The Bachelor’s component of engineering degree programmes is based on a uniform course structure that ensures you acquire relevant theoretical core competences, with examples of their application, before specialising on your Master's programme. See example of how the degree programme is structured in semesters.
The content of the full five-year study programme is coordinated to provide a smooth, natural transition from Bachelor’s degree to Master’s degree. The three-year Bachelor's programmes have been customised to fit the Master’s programmes, and as a student you will experience a cohesive course of study without frustrating jumps in level of difficulty or tedious repetition. You will automatically qualify for the compulsory Master's degree courses, and you will be free to choose elective courses within your favourite topic for the elective part of your Master’s.
The structure of the programme will change along the way so that students become increasingly involved in tangible projects, e.g. together with partners in industry. The degree programme will thus become more application-oriented, as you progress in your studies. This will be particularly evident in your final thesis project, which may often result in a brand new product, and perhaps even have far-reaching potentials for both businesses and society.
During your first semester as an undergraduate engineering student, you will be introduced to courses that present the most recent knowledge and the latest technologies within your field of study. You will gain insight into the key problems that engineers are working on at the university and at companies. This will give you an idea of your specialisation and career opportunities already as a new student.
Technology courses are the core of your engineering programme at Bachelor's level. These courses will teach you to translate your science background into technological solutions, and you will learn to work professionally in science laboratories and workshops as well as to test your theoretical knowledge.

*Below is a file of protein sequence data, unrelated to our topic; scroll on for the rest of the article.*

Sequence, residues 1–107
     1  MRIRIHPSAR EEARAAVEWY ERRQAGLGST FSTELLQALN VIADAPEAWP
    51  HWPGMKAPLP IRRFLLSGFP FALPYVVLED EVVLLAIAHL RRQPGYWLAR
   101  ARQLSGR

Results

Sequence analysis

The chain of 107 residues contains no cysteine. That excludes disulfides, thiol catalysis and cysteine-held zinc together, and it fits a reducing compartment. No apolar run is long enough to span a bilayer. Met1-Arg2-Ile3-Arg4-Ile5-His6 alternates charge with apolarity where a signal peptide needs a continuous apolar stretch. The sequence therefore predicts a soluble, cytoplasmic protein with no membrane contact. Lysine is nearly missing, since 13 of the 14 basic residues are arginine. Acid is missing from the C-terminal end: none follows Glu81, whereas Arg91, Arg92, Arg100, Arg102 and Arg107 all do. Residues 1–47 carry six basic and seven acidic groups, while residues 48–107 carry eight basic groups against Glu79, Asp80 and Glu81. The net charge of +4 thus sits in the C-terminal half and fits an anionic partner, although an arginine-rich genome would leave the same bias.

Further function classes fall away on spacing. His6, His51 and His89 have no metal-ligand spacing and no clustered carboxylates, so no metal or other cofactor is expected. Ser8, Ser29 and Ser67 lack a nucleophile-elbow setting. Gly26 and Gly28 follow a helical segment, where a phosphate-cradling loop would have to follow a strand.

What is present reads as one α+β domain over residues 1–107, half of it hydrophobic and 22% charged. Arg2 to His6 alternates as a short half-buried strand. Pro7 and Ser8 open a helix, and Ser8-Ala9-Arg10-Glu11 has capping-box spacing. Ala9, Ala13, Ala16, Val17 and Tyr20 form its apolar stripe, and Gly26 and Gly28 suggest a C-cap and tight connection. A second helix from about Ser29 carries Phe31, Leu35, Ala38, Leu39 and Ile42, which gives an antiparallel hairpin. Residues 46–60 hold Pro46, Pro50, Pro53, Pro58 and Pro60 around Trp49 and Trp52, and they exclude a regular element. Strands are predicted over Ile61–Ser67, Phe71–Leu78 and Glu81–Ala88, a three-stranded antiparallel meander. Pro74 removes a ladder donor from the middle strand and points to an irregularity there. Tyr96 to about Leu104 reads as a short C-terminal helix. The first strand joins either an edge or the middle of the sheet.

During the first semesters, you will also follow selected science courses that provide you with the basic scientific skills required for later specialisation and for working with advanced technology within your field of study. Some teaching takes place in collaboration with the university's departments of Mathematics, Physics and Chemistry.
In order to become a skilled MSc in Engineering, you need to have a series of competences that extend beyond the technical and natural sciences. Therefore, you will also learn about the philosophy of science, and you will regularly practice defining, performing and evaluating engineering tasks.
At the end of your Bachelor's degree programme, you will write a major project in which you will study in depth a technological issue, either as a company case or a research case.
Your third year includes elective courses, and these are often the beginning of the specialisation that you will continue on your Master’s degree programme.
The table above shows the course structure of the Bachelor’s component of your MSc in Engineering with the current ETCS credits.
Your days on the programme will be spent in and around the university, and they will be filled with lectures, project work, classroom teaching, laboratory work and problem-solving. You will typically follow 3-6 courses a week. In addition, you will need to prepare for the courses, usually together with your fellow students. Your evenings will also often be spent at social events for your programme. And a Friday bar opens in several places around the university.